All his life he wanted to live in Greece. First, he tried to come with his classmate John Alden in 1893, as soon as they graduated from Harvard. Alden came but George (“Jig”) Cram Cook (1873-1924) didn’t have enough money to support a year in Athens at the American School. Then he went on to do other things: teaching, farming, and writing, mostly playwriting. He founded the Provincetown Players, the first modern American theater company, and mentored Eugene O’Neill. A restless spirit with a need to try new experiences all the time, Jig finally made the big decision.

In 1922, he and his third wife, Susan Glaspell, and his daughter Nilla boarded for Greece. They chose to live on the slopes of Mt. Parnassus. Jig went completely “native” adopting the dress of a Greek shepherd. He was adored by the Greeks. He and Eva Palmer talked about reviving the Delphic Games. He didn’t live long however. In January 1924, he was buried at the local cemetery in Delphi. His grave is still there.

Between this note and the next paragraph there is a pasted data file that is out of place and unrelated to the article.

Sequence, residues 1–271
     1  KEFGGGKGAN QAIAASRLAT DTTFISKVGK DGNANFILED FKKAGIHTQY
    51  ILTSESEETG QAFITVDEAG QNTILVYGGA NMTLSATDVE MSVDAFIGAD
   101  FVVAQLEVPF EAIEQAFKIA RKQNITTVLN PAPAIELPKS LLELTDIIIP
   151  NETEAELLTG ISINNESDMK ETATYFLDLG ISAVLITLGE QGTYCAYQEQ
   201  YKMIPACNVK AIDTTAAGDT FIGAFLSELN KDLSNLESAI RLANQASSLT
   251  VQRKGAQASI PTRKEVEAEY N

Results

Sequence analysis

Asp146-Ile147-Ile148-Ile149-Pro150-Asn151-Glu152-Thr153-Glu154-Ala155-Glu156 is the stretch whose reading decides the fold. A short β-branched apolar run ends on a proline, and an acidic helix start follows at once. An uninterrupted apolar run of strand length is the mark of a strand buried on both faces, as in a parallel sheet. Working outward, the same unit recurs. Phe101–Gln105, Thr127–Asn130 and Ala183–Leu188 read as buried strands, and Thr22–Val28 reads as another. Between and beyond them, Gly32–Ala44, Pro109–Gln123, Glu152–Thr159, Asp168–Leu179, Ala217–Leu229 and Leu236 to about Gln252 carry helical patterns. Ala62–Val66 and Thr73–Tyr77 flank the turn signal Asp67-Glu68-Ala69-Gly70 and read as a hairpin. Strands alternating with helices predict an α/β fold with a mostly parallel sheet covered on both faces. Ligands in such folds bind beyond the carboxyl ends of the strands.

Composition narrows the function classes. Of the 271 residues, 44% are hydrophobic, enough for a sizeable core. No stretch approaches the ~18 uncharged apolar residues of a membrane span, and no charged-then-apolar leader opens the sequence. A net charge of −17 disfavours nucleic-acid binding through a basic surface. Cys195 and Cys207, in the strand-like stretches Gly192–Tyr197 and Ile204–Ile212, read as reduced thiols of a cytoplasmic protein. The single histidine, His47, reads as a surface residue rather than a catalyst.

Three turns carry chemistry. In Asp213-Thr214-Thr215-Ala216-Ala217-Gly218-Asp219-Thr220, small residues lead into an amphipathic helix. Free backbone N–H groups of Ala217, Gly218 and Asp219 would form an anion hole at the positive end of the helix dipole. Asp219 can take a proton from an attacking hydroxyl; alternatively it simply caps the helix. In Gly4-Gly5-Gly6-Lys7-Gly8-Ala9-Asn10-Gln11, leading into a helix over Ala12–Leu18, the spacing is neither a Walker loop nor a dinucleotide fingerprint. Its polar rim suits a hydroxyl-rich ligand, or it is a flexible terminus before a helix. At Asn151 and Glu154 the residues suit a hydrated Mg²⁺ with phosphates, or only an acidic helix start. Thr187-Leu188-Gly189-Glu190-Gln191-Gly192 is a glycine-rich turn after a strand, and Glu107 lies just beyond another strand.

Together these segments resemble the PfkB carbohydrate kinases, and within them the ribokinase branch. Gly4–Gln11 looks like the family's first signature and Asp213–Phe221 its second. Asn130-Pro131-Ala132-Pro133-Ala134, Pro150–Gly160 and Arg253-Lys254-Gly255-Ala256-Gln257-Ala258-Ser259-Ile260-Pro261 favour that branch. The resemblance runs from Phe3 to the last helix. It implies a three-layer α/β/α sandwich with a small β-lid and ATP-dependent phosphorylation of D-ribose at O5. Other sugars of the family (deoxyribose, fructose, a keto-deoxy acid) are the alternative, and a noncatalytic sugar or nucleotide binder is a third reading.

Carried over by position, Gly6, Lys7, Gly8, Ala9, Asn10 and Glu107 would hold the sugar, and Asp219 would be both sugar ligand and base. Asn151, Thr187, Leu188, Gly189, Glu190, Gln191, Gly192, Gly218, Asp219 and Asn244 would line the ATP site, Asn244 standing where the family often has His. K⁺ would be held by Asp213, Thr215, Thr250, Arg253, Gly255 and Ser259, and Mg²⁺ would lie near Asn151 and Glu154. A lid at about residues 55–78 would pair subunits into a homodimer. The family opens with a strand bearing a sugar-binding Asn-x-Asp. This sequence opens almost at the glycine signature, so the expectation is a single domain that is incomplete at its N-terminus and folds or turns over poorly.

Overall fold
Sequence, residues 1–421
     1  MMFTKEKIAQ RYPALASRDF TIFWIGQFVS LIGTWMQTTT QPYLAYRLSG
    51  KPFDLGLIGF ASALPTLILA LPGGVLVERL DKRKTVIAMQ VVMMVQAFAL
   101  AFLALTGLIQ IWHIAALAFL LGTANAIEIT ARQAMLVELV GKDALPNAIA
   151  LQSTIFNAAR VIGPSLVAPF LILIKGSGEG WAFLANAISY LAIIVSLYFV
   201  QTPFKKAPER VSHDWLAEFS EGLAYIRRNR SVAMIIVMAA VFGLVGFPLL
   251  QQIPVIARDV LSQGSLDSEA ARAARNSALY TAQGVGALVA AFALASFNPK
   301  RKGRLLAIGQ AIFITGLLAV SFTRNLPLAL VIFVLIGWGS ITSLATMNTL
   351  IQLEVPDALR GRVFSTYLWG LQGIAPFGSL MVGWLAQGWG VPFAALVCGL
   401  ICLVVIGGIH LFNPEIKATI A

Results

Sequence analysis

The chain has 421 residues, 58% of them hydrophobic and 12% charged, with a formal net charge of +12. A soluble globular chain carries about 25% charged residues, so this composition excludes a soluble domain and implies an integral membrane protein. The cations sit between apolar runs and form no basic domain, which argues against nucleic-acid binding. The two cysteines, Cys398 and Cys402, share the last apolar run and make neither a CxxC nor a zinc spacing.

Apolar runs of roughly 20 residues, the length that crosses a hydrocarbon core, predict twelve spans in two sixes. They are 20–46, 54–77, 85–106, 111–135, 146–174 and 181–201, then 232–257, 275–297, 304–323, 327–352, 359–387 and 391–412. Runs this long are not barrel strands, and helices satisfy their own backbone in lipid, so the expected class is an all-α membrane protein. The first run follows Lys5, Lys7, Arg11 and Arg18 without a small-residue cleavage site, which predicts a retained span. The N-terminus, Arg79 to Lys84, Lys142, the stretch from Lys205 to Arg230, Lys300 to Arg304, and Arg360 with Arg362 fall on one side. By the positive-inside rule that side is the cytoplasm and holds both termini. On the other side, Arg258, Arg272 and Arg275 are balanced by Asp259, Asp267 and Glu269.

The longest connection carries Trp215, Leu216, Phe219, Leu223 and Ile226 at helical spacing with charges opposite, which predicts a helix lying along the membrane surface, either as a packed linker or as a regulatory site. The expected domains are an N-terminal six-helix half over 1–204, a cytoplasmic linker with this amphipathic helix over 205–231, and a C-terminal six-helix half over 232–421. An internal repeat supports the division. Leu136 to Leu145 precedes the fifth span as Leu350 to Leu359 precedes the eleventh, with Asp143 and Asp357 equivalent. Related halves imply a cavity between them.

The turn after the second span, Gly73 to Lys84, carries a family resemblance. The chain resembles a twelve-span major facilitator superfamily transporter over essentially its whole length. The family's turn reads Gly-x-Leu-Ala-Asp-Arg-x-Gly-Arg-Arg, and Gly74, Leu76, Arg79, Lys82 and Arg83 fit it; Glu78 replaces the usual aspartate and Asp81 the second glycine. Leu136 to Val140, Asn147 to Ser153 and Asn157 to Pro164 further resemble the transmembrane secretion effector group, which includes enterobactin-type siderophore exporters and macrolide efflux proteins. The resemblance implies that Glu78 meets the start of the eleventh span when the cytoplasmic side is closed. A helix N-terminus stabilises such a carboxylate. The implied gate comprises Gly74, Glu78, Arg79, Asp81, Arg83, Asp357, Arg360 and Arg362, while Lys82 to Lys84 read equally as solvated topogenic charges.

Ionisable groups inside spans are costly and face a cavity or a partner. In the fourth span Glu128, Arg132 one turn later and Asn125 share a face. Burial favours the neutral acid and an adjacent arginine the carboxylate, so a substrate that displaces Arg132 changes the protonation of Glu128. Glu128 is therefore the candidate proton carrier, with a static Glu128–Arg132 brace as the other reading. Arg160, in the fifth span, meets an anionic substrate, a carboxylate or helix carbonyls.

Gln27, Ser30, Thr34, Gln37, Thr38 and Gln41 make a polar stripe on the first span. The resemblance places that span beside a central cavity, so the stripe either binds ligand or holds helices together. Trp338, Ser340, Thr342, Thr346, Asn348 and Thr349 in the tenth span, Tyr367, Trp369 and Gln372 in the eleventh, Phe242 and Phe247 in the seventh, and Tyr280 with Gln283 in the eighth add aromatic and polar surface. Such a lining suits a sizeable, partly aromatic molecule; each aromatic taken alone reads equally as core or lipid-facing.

Susan Glaspell preserved Jig’s memory by writing his biography: The Road to the Temple (1926): Cook’s road of life from the farms of Iowa to the Temple of Apollo at Delphi. But she also composed one of the best examples of feminist and modernist writing in American literature, Fugitive’s Return. The story takes place at Delphi and tells of a troubled American woman who looks and finds “catharsis” in the midst of the ancient ruins. In the best-seller list of 1929, Fugitive’s Return was only a few notches down from A Farewell to Arms.

The Annual Archives Lecture of the American School of Classical Studies at Athens is devoted to the story of George Cram Cook and Susan Glaspell. The lecture, entitled “George Cram Cook, Susan Glaspell, and the Experience of Delphi, will be given today (January 29, 2015, at 7.00 p.m.) at the ASCSA, by Linda Ben-Zvi of the Tel Aviv University.